REVIEW: Wild Dogs Under My Skirt (Auckland Arts Festival)

Review by Gabriel Faatau’uu-Satiu

[Unleashed]

Wild Dogs Under My Skirt speaks volumes to the intersection of fa’asāmoa (traditional Sāmoan) and diasporic upbringing. Having been a NZ-born cis-queer-male of Sāmoan descent, the performance highlights the various women I grew up with and hold dear to my heart. Although Tusiata Avia’s Wild Dogs Under My Skirt collection of poetry was published in 2004, the spoken text is still and perhaps even more relevant in today’s non-binary age. Avia spent many years touring the work as a solo performance, but for the Auckland Arts Festival it is performed as an ensemble piece, following F.C.C’s (founded by Victor Rodger) iteration at the Māngere Arts Centre in 2016 under the direction of Anapela Polata’ivao. The pairing of Avia’s unapologetic voice and Polata’ivao’s vision is a match made like no other. The poems stem from Avia’s personal experiences and challenges the cultural collision through a Pasifika female lens.

On opening night of the Auckland Arts Festival production the cast only consists of five (down from the usual six) – Stacey Leilua and Joanna Mika-Toloa (from the Māngere Arts Centre production), Anapela Polata’ivao, Saane Green (who joined the cast for Wellington’s New Zealand International Festival version of the play in 2018) and lastly, Vaimaila Urale Baker in her acting debut. We miss Petmal Lam (a proud fa’afafine who received the Outstanding Newcomer Award at the Auckland Theatre Awards 2018) due to unforeseen circumstances. Although we don’t see Lam’s important interpretation on a female role, it was shared by Polata’ivao and Mika-Toloa on the night. Even having read the disclaimer, any disruption to the rehearsed piece is undetectable, which again reflects the powerhouse direction by Polata’ivao.

The choreography by Mario Faumui is graceful and is beautifully executed by the entire cast, particularly Stacey Leilua who portrays Tusiata (1 of the 6 roles). Leilua’s grounding and extension in her movements is an opportunity to breathe a sigh of relief as we transition from the weight of the spoken text.

The set design by Jane Hakaraia and set artwork by Tyla Vaeau are visually inviting, a crossroad between a traditional and contemporary domestic environment. Although very simple, the intricate cut of each nofoa on stage, gives each character a different personality, which is also highlighted by each cast member as they represent various facets of Pasifika (but more specifically Sāmoan) women. The lighting design and operation by Rachel Marlow is pure magic, particularly in using different states for the backdrop to signal a change of environment for each scene. The scene transitions are breathtaking, particularly when they literally take us to church, and are echoed by the vocals of the cast as they transform into the au fai pese.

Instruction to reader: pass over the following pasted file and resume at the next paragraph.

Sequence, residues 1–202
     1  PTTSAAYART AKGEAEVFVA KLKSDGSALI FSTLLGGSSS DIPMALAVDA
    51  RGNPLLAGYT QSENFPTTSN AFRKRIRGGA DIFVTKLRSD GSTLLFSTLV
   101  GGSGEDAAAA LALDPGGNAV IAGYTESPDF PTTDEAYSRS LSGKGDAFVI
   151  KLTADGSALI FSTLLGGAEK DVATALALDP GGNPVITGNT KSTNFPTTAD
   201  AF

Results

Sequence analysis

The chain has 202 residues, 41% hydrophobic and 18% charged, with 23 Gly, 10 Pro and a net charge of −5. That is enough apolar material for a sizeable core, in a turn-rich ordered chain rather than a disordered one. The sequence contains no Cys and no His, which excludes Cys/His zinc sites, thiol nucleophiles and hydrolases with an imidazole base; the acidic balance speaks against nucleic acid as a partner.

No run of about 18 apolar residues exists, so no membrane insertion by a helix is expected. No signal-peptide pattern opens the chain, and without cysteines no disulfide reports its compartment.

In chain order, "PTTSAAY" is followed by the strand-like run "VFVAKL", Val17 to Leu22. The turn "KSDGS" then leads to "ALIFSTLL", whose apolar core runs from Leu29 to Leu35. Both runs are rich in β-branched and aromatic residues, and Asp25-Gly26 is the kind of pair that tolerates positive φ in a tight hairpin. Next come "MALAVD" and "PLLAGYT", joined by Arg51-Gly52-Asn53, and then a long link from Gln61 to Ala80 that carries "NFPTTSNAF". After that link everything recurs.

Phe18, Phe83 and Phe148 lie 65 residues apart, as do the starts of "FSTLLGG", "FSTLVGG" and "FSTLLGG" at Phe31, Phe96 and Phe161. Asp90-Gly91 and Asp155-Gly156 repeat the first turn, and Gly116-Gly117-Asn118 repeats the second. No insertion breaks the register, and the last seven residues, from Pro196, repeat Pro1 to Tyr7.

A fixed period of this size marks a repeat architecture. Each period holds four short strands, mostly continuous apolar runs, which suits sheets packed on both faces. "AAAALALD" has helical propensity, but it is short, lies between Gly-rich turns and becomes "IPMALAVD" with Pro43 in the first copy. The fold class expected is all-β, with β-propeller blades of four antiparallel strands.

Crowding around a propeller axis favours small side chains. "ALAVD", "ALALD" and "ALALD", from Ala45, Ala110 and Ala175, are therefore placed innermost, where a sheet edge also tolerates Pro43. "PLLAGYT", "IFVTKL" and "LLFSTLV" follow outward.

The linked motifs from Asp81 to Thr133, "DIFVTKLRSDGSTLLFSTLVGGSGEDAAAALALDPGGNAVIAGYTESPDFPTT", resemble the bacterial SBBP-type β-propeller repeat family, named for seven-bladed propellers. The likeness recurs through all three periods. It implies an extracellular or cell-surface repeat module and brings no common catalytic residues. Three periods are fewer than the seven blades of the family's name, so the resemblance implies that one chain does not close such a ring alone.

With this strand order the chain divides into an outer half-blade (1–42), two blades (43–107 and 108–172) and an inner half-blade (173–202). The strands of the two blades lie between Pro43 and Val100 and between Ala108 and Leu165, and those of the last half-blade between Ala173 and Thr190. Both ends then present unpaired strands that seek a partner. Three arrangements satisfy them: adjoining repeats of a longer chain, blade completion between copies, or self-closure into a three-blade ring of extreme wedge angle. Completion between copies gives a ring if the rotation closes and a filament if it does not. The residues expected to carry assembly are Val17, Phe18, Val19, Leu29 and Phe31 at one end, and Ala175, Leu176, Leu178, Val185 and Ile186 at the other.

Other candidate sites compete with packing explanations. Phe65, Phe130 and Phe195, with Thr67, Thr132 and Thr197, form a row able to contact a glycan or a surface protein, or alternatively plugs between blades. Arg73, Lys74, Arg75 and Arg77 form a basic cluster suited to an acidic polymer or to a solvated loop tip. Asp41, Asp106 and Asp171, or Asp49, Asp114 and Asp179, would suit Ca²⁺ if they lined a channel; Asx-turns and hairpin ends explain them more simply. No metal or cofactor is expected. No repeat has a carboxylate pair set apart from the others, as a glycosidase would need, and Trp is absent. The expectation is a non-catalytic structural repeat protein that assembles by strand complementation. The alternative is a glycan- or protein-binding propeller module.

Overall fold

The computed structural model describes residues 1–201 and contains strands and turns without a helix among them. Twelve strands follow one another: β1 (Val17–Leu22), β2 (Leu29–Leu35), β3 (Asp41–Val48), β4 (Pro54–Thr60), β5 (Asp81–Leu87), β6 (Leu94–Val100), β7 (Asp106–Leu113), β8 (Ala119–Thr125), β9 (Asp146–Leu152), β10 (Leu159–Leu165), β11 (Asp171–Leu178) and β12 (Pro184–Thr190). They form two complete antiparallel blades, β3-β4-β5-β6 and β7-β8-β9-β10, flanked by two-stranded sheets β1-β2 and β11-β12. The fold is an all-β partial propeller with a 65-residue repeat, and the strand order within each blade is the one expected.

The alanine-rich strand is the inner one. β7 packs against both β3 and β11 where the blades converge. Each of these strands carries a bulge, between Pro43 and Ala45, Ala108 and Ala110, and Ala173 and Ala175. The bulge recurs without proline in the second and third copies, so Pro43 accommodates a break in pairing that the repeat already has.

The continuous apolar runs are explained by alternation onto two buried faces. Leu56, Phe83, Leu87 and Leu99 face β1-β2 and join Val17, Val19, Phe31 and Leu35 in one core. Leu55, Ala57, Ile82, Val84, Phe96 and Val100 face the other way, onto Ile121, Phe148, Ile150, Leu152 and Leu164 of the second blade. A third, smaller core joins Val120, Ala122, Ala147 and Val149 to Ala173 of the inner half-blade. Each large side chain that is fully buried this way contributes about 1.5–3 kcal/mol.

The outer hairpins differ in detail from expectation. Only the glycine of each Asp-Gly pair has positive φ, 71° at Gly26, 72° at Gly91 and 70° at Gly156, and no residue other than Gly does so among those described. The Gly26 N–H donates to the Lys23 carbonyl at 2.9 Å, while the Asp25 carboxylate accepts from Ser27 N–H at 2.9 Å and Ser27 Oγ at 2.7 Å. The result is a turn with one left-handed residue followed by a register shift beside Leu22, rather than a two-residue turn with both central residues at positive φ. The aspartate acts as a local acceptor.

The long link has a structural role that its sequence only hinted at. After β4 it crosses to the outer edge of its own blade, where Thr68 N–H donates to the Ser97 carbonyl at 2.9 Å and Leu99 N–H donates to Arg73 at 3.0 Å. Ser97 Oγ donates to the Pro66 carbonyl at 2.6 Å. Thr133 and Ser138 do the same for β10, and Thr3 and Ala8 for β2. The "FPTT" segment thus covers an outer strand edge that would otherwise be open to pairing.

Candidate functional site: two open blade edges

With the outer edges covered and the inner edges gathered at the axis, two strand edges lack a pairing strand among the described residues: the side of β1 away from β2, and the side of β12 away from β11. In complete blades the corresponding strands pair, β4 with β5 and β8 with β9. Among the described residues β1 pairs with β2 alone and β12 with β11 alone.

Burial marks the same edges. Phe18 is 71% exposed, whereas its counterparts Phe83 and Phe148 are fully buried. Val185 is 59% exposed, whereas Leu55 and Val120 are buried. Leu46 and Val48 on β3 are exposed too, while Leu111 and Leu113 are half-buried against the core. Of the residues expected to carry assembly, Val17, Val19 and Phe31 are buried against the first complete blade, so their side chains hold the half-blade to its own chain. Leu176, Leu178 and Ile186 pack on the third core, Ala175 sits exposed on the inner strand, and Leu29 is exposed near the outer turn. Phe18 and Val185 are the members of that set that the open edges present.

Fellow Pasifika reviewer, Cassandra De La Croix shared her perspective with me: “Like the first bite of pisupo, your gut is left feeling heavy but your heart is fulfilled with delight as if letting go of that secret you’d been holding back from your mother for many years. The corned beef that sat there on a stool, taunting and tantalising the audience in the beginning reminded me so much of the multi layered and complex polynesian women standing before us on stage. Each wove their own experienced pain and recognised strength in every word they spoke, you couldn’t help but reply back with a shared knowledge and watering eyes.”

Other highlights of the show for me include Green’s performance of the poem O le pi tautau with her deft portrayal of adolescent intellect, cleverly using the Sāmoan alphabet as her reference. Mika-Toloa captivates the audience with her interpretation of the poem Alofa, showcasing the calibre and range of the emotional performance. But none of these performances come close to the show-stopping powerhouse, Polata’ivao. Her portrayal and performance of the poem Pa’u-stina gave me chills. The energy in the theatre shifts, as the room silences to hear her booming voice as it escalates, leading into the final poem Wild Dogs Under My Skirt. The other members of the cast are now on all fours, barking at us. It’s very confronting and I’m afraid to blink in case I miss any second of this captivating sequence. The poem is recited by each of the leading women as they share parts of the poem which connect them back to their original characters. In the moment I feel like someone has kicked me in the gut. But having a brief discussion with Pasifika poet, Dr Karlo Mila, as I leave the venue for the night, no one best describes this feeling better than her, which she describes, “…as a punch in the vagina.”

Avia’s work is bold, unapologetic and definitely has something to say; it speaks for woman by giving them a voice, and striving to normalise Sāmoan womanhood and bringing them to the forefront of society. Having had the luxury to be taught by Tusiata Avia once and being familiar with her work, I respect the pathway she has paved for other young emerging Pasifika voices today. Wild Dogs Under My Skirt is a treasure and truly one-of-a-kind. It’s for people like my sisters, cisters, fa’afafine, aunties, mother and grandmother. Its for Sāmoan women. And men. I say, it’s for everyone in need of finding the wild dog that lives within us all.

Wild Dogs Under My Skirt is co-produced by Silo Theatre and plays at Q Rangatira until 11 March. 

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